Application of valve in World Cup Stadium construction

Doha authorities stepped up workplace inspections to take action against companies that violate the country’s labor laws.
Qatar is reportedly looking to hire Nepalis to work in the service industry during the 2022 FIFA World Cup, months before the main event, the Kathmandu Post reported on Saturday.
“We learned from the Nepalese embassy in Doha that Qatari companies have expressed interest in hiring Nepalese workers to work in the service sector during the World Cup,” Deputy Labor, Employment and Welfare Minister Taneshwar Bhusal told reporters. MASS MEDIA.
Bhusal added that Friday’s “ministerial decision” allowed authorities to continue recruiting. He also said the Nepalese authorities have also “requested a visa-free and free travel scheme for Nepalese workers” at the expense of the employer.
Nepalese officials did not provide further details on the number of workers to be hired in the Gulf state.
The news comes as Qatar prepares to welcome at least 1.5 million fans from around the world to watch the premier sporting event, which will run from November 21 to December 18 this year.
Guest workers from all over the world are busy preparing various departments, including the construction of World Cup stadiums.
As the first Arab country to host this event, Qatar has captured the attention of the world, especially with its treatment of migrant workers. The Gulf State was initially criticized for its lack of a policy to protect workers from labor rights violations.
However, he quickly reacted by introducing historic reforms, including abolishing the controversial Kafala or patronage policy. Under this system, workers wishing to change jobs no longer require a “letter of no objection” from their employer.
While the government has been instrumental in bringing about reforms, criticism of Qatar lingers over employers violating newly passed laws, according to findings by various human rights groups.
The Qatari authorities have stepped up workplace inspections to take action against companies that violate the country’s labor laws. Gulf states have also become more transparent about violations by releasing data to the public.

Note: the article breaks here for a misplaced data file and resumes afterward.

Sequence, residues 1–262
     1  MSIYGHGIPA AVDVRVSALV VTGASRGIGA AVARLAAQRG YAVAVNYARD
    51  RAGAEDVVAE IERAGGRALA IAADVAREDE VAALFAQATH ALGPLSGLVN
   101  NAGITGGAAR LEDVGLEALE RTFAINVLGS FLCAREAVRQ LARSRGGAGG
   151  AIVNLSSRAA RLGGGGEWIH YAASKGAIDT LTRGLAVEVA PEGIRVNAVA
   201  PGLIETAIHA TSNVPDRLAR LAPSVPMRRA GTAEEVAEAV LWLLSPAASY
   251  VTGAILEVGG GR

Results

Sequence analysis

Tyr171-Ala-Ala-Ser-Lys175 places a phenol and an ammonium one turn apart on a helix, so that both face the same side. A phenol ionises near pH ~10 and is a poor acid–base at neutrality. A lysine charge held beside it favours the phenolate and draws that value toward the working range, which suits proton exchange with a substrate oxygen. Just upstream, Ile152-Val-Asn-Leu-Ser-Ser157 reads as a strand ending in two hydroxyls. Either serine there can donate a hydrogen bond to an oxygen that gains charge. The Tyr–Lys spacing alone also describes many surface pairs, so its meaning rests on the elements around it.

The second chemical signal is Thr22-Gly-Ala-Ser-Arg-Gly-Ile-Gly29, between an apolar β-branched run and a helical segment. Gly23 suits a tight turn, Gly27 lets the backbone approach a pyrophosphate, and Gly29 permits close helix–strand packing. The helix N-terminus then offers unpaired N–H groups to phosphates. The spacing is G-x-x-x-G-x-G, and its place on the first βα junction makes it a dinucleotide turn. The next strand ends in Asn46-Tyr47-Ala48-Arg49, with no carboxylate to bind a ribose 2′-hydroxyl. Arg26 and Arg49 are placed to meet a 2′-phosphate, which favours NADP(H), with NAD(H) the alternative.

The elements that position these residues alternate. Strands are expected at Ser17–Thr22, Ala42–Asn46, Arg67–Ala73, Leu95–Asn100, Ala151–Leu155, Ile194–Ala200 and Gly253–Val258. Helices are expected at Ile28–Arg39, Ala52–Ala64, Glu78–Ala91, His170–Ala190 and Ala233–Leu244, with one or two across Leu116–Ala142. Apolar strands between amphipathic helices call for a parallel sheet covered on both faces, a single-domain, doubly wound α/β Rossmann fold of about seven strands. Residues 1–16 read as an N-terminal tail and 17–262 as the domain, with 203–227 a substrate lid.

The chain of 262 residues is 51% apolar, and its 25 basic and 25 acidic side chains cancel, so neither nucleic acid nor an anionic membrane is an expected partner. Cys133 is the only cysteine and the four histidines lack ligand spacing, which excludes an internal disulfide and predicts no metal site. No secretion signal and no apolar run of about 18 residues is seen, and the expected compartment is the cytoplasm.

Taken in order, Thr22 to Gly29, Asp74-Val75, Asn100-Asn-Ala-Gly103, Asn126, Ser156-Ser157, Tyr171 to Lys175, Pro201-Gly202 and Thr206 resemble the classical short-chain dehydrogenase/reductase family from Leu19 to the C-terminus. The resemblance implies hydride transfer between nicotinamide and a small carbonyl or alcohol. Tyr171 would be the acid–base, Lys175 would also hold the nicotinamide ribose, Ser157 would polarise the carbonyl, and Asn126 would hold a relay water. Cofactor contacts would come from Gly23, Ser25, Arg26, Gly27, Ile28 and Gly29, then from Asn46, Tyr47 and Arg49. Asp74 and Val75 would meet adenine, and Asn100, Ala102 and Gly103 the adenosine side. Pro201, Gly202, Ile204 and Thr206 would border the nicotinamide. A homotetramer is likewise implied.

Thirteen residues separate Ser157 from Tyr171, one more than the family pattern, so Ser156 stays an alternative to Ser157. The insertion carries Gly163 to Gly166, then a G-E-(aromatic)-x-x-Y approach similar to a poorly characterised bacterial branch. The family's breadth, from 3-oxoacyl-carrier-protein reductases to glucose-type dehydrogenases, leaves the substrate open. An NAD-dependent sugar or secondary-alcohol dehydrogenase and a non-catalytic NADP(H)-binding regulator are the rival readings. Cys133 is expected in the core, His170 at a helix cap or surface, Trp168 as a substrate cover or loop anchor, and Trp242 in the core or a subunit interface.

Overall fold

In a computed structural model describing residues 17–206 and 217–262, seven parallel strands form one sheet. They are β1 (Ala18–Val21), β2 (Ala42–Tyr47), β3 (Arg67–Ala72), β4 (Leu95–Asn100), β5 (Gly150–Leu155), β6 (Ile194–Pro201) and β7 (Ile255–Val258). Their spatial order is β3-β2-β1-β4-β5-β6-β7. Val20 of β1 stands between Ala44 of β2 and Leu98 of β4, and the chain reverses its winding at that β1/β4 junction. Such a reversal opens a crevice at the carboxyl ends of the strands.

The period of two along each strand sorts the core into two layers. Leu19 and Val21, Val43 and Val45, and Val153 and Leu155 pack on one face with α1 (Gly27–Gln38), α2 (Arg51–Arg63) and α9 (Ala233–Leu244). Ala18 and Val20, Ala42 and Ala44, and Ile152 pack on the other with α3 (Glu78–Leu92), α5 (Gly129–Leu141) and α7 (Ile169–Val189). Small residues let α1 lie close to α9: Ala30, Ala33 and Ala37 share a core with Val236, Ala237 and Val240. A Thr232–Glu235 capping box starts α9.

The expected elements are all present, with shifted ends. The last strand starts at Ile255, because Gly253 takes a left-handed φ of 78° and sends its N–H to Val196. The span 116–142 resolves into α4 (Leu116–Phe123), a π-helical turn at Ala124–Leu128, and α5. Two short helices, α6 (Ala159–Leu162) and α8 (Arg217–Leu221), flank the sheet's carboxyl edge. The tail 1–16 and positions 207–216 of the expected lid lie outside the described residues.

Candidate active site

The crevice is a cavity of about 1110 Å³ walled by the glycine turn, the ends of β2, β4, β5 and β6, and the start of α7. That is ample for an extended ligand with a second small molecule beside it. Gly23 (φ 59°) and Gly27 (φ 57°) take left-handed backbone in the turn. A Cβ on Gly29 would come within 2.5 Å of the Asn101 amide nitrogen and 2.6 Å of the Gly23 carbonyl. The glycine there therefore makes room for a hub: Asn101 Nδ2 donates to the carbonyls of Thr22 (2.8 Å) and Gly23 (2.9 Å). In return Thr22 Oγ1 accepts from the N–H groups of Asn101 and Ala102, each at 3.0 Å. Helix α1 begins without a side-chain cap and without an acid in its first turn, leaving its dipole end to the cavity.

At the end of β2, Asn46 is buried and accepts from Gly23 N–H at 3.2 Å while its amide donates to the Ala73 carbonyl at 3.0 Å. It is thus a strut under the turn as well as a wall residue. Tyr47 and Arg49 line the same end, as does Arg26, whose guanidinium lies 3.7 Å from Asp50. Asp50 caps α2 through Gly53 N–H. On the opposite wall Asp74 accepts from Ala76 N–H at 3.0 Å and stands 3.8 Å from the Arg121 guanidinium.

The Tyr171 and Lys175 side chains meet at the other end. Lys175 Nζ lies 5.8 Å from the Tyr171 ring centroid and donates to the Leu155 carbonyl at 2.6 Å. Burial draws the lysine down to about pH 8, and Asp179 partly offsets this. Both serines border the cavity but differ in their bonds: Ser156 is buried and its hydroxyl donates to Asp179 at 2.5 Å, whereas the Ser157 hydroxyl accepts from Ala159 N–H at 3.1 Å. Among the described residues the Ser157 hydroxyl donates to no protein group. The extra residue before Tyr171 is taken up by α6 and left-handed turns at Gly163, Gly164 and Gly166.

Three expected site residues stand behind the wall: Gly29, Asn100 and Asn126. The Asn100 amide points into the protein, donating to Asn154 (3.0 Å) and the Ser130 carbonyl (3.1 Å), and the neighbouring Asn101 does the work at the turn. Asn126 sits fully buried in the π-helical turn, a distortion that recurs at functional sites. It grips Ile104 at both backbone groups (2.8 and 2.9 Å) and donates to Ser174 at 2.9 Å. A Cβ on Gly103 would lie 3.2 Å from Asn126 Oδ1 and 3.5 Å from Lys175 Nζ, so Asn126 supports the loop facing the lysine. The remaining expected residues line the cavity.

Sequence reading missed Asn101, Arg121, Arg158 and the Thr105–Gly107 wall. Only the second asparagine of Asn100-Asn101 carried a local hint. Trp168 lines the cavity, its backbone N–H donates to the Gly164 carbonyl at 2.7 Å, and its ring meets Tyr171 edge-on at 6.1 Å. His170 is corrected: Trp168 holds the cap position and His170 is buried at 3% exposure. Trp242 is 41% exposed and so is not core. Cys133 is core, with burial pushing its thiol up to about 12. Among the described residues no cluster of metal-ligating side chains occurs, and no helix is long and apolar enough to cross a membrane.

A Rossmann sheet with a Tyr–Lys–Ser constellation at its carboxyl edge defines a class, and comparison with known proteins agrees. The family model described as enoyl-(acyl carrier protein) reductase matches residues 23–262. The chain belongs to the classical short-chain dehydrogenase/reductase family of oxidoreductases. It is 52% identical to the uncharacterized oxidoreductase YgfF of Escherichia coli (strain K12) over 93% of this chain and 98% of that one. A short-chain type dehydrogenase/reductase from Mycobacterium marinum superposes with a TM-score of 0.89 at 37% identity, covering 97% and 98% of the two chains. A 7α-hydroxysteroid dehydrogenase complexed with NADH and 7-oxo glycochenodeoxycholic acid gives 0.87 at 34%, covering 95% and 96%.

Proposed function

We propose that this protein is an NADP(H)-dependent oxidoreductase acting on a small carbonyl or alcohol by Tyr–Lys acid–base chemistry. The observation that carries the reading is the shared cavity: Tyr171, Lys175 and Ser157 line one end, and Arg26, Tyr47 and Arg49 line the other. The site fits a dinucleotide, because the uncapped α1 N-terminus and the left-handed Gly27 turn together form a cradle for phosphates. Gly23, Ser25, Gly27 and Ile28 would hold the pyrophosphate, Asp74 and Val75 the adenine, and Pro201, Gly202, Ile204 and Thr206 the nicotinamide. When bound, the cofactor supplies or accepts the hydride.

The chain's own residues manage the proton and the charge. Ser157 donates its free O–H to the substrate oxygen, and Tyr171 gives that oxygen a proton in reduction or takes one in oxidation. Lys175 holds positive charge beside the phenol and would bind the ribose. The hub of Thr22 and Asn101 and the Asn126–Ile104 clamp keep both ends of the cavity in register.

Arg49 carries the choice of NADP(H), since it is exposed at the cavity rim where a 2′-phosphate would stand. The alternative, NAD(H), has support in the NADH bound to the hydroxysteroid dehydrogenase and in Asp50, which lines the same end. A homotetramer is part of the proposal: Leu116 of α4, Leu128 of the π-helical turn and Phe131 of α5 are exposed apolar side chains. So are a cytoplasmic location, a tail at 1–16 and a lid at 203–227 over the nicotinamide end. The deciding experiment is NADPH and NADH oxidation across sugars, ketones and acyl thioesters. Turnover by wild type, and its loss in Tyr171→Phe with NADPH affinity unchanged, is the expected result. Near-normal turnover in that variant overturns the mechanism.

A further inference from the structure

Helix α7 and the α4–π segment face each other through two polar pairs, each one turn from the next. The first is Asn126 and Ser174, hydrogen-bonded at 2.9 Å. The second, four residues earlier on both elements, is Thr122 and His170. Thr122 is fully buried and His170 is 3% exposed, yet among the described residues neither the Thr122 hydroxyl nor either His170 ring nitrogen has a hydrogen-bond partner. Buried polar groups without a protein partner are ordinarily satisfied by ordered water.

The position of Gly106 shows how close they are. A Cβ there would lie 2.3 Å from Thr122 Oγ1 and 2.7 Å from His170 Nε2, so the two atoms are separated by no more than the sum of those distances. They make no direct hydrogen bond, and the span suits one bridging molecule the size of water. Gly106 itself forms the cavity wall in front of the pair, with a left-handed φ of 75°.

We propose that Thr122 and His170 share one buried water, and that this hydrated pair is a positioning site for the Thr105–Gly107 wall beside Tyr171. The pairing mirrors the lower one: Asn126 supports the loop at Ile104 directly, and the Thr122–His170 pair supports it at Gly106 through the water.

Meanwhile, Bhusal said his government has held talks with Qatar to ensure the protection of Nepalese workers.
“We are constantly raising questions regarding the safety of Nepalese foreign workers. Discussions have been held with stakeholders in Qatar and other places of employment,” the Nepalese official said.
More than 1,700 young Nepalese went abroad to work in the fiscal year ending July 16, and more than 628,503 received work permits, according to Nepalese media reports.
According to government statistics, this figure is the second highest in the country. Remittances repatriated to Nepal also made a significant contribution to Kathmandu’s economy, adding 986.2 billion new rupees ($776,611,3953).
The article also pointed out that although the demand for Nepalese workers is high, most of them are unskilled because they come from a lower economic background. Some end up leaving their countries without proper preparation.
Although the revised pre-employment course was introduced in February last year, according to workers’ rights representatives, it has not yet been implemented.
“Registration of institutions offering such training has not yet taken place. They require changes in working procedures and curricula,” said Maya Kadel, Deputy Minister and Director of Training and Research at the Council for Employment Abroad.
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Post time: Dec-01-2022

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